Hans Honschar burst from the basement of an Upper West Side hardware store where his art materials were stored, his rainbow bandolier of paint markers slung across his body and the stars of the American flag tied across his forehead.
“I was ashamed at first to tell people I’m a street artist,” said Honschar. “But it’s the only way I can create, and I came to New York City to be the best.”
In a fluorescent safety vest with “NYC Department of Inspiration” written on the back, Honschar balanced an orange bucket full of bright chalk worn to nubs in one hand and a larger white bucket with splashing water in the other.
“More important than color and style is adding just enough water. The words have to pop up from the sidewalk,” said Honschar as he prepared the sidewalk. “And make people stop and read and hopefully put something in the tip jar.”
Honschar, 45, moved to New York City from Tampa Bay six years ago with only a Bible and a big book of quotes and a mission to make it in the art world of New York.
Honschar is an example of one of the nearly 60,000 artists who create art in New York City, according to . Although one-tenth of artists live below the poverty line, the number of artists has increased by almost 20 percent since 2000.
Archie Rand, an art professor at Brooklyn College and Columbia University for over 40 years, said the old adage about making it in New York is still true.
“New York City still has a glimmer that attracts artists with ambition to test their mettle against it,” said Rand. “I don’t know how they survive.”
Honschar said he barely survives. He is homeless. He pays for food and art supplies by creating colorful ads for shopkeepers on the sidewalk in front of their stores. Locals have paid him to create birth and engagements announcements in front of their homes. His favorite jobs were writing quotes by Harriet Tubman or Barbara Streisand.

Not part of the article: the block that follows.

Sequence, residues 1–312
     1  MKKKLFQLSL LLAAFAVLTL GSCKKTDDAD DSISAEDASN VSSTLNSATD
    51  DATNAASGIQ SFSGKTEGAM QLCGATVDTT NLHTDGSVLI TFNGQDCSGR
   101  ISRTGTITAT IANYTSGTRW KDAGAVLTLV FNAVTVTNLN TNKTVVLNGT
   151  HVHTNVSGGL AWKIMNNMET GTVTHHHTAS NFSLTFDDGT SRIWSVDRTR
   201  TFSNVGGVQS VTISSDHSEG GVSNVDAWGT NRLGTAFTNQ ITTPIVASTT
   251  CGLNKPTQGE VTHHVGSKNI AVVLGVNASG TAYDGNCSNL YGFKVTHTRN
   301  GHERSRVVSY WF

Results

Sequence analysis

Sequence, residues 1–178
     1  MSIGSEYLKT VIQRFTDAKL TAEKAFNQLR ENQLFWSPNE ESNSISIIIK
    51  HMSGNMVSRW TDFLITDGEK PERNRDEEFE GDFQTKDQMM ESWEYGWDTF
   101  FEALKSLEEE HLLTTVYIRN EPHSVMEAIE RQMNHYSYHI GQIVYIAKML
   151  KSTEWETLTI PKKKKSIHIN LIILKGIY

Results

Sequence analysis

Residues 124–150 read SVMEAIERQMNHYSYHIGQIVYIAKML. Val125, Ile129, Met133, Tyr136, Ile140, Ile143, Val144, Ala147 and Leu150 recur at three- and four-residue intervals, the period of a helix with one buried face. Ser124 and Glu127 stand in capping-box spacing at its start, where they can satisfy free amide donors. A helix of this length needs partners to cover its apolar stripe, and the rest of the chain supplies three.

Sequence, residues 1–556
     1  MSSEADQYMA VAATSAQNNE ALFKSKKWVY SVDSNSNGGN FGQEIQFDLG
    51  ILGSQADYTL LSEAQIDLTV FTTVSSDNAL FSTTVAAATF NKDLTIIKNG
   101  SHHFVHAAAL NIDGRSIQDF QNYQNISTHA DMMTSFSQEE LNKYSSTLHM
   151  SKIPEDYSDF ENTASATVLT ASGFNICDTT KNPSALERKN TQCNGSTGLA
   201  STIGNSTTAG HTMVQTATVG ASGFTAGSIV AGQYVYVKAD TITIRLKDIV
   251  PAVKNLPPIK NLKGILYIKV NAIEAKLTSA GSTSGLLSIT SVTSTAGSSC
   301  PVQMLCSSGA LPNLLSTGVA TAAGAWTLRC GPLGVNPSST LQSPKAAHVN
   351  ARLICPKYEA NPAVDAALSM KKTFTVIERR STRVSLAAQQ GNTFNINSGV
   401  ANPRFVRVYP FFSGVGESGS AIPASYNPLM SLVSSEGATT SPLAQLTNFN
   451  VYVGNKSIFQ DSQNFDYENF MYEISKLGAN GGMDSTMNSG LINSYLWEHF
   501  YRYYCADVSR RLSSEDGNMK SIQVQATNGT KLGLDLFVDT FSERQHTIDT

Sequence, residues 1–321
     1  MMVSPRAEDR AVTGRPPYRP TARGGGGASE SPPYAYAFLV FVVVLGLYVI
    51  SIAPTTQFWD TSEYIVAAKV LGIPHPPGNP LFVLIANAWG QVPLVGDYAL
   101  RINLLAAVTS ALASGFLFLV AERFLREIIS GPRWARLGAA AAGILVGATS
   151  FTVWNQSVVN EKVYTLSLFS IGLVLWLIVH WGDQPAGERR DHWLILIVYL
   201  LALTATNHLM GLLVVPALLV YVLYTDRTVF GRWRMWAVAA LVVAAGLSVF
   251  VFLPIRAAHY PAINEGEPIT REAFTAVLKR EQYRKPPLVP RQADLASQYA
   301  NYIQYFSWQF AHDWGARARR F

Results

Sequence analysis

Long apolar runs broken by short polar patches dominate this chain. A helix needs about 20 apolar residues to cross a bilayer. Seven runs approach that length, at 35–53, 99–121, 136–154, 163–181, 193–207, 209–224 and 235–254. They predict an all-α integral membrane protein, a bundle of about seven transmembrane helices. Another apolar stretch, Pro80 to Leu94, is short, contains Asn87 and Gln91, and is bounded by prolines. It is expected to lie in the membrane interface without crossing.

Honschar said his clients love his handwriting, a fusion of his mother’s ’83 Smith Corona typeface and his father’s draftsman print.
“When he is working on the sidewalk outside the shop, I love watching people stop and do a double take and look down,” said Jill Keenan, owner of Tani, a shoe store on West 72nd Street. “His work creates excitement inside and outside the store.”
Donna Schofield, toy shop owner and client, said his bright bold colors make her smile.
“It’s so cheerful,” said Schofield. “I don’t want people to walk on the Hanukkah (message he chalked for me on the sidewalk.”
Honschar got into graffiti when a friend, also an artist, handed him a piece of chalk, and told him the world was the biggest canvas. Honschar said this filled his insatiable need to create without money. Using washable materials, He didn’t think he was doing anything illegal.
Honschar said he was arrested for vandalism when he painted “slow down for bikes” on a discarded construction sign in the bike lane near Canal Street. The NYPD had to cut his bandolier of markers from his body because he wouldn’t give them up.
“Police officers take the best photos of my work for evidence against me,” said Honschar as he crouched over the sidewalk, his fingers gripped the chalk forming 1 Corinthians 13:13 in royal purple.
As Honschar awaitsed trial set for January, he has not given up the hope of taking his art off the street and back on canvas. He said a canvas has more possibilities than a street.
“I actually found canvas on the sidewalk yesterday,” Honschar said with a smile. “I was so happy I didn’t know what to paint.”